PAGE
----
Treatments for eye cancer

If you have eye cancer, your healthcare team will create a treatment plan just for you. It will be based on your health and specific information about the cancer. When deciding which treatments to offer for eye cancer, your healthcare team will consider:

  • the type of eye cancer
  • the size and location of the tumour in the eye
  • whether or not the cancer has spread outside of the eye
  • the effect the treatment will have on your vision
  • your age and general health
  • your personal preferences

The goal of treating eye cancer is to prevent it from spreading and to save your vision whenever possible.

Expert review and references

Treatments for intraocular melanoma

The following are treatment options for all stages of the intraocular melanoma of the choroid. The types of treatments given are based on the unique needs of the person with cancer and the status of their vision.

Treatments for lymphoma of the eye

Lymphoma of the eye can affect the inside of the eyeball (called intraocular lymphoma), the conjunctiva (a clear mucous membrane that covers the inner surface of the eyelids and the outer surface of the eye), eyelids or structures within the eye socket (orbit). Learn about treatment options for lymphoma of the eye, including radiation therapy and chemotherapy.

Surgery for eye cancer

Surgery is one of the primary treatments used to treat eye cancer. The type of surgery you have depends on the size and location of the tumour, your age and the stage of the cancer. Learn about types of surgery, including eye resection, enucleation and orbital exenteration as well as artificial eye and reconstructive surgery.

Radiation therapy for eye cancer

Radiation therapy uses high-energy rays or particles to destroy cancer cells. Most people with eye cancer will have radiation therapy.

Chemotherapy for eye cancer

Chemotherapy may be used to treat eye cancer in certain situations. Chemotherapy is the use of anti-cancer (cytotoxic) drugs to treat cancer. It is usually a systemic therapy that circulates throughout the body and destroys cancer cells, including those that may have broken away from the primary tumour.

Active surveillance (watchful waiting) for eye cancer

Active surveillance may be a treatment option for some people with eye cancer who are not experiencing symptoms. Active surveillance means the healthcare team watches the cancer closely. Treatment is given when the signs and symptoms of eye cancer appear or change.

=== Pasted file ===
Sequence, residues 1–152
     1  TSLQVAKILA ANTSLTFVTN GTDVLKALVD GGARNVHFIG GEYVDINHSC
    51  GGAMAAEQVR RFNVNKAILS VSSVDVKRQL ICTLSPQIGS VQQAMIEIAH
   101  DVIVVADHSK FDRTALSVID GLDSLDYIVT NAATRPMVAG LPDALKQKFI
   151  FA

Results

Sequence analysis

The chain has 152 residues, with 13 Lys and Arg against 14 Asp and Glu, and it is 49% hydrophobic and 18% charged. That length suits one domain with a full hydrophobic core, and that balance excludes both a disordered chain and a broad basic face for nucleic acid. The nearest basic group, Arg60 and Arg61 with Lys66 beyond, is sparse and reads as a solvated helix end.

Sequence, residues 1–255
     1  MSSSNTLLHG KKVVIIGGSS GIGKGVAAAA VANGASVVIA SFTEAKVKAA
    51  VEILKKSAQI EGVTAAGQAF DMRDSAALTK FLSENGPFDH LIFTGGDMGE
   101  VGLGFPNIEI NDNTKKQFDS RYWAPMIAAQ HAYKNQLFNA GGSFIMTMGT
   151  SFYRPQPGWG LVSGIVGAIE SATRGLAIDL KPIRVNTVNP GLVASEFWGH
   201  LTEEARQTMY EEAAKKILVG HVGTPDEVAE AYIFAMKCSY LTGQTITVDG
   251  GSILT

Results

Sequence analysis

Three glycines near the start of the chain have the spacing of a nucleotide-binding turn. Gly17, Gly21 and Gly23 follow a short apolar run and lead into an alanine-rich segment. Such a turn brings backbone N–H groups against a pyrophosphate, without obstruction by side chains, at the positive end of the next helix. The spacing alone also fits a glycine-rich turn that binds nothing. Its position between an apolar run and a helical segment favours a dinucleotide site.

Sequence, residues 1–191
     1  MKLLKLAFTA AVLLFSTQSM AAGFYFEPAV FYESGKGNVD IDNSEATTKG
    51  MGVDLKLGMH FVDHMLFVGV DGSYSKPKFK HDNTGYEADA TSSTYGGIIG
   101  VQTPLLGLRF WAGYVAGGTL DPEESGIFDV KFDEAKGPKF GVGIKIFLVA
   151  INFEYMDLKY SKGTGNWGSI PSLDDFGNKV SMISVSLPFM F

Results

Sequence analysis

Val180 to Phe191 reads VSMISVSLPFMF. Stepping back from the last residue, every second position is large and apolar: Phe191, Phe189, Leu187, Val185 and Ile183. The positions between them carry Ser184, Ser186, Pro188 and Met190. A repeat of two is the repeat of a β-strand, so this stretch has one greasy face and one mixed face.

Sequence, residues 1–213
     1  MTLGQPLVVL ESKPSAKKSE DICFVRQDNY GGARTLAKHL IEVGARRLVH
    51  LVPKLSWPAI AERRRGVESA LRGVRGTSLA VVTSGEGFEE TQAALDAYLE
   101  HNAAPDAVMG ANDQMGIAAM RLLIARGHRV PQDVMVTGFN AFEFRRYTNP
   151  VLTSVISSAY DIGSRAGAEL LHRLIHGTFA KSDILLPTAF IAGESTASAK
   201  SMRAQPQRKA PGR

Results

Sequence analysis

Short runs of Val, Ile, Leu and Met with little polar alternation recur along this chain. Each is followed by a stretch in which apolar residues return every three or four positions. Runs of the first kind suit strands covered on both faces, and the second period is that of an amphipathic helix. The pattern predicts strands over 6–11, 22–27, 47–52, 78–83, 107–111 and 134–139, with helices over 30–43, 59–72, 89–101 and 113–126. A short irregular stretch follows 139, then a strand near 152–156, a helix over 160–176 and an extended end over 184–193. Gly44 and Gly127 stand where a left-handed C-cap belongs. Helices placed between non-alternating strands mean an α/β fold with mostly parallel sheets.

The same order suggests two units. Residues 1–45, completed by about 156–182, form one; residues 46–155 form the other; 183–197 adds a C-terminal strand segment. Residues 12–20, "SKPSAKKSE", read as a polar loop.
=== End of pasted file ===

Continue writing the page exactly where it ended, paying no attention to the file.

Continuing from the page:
Targeted therapy for eye cancer

Targeted therapy is sometimes used to treat advanced eye cancer. Targeted therapy uses drugs to target specific molecules (such as proteins) on cancer cells or inside them. These molecules help send signals that tell cells to grow or divide. By targeting these molecules, the drugs stop the growth and spread of cancer cells while limiting harm to normal cells.

Immunotherapy for eye cancer

Immunotherapy is rarely used to treat eye cancer. It is a type of treatment that uses the immune system to help destroy cancer cells. The immune system is a complex system of cells and organs that work together to defend our bodies against disease and infection.

Follow-up after treatment for eye cancer

Eye cancer behaves differently in each person, and a standard follow-up schedule would not work for everyone. People with eye cancer should talk to their doctor about a follow-up plan that suits their individual situation. Follow-up care is often shared among the cancer specialists and family doctor.

Medical disclaimer

The information that the Canadian Cancer Society provides does not replace your relationship with your doctor. The information is for your general use, so be sure to talk to a qualified healthcare professional before making medical decisions or if you have questions about your health.

We do our best to make sure that the information we provide is accurate and reliable but cannot guarantee that it is error-free or complete.

The Canadian Cancer Society is not responsible for the quality of the information or services provided by other organizations and mentioned on, nor do we endorse any service, product, treatment or therapy.

1-888-939-3333 | | © 2024 Canadian Cancer Society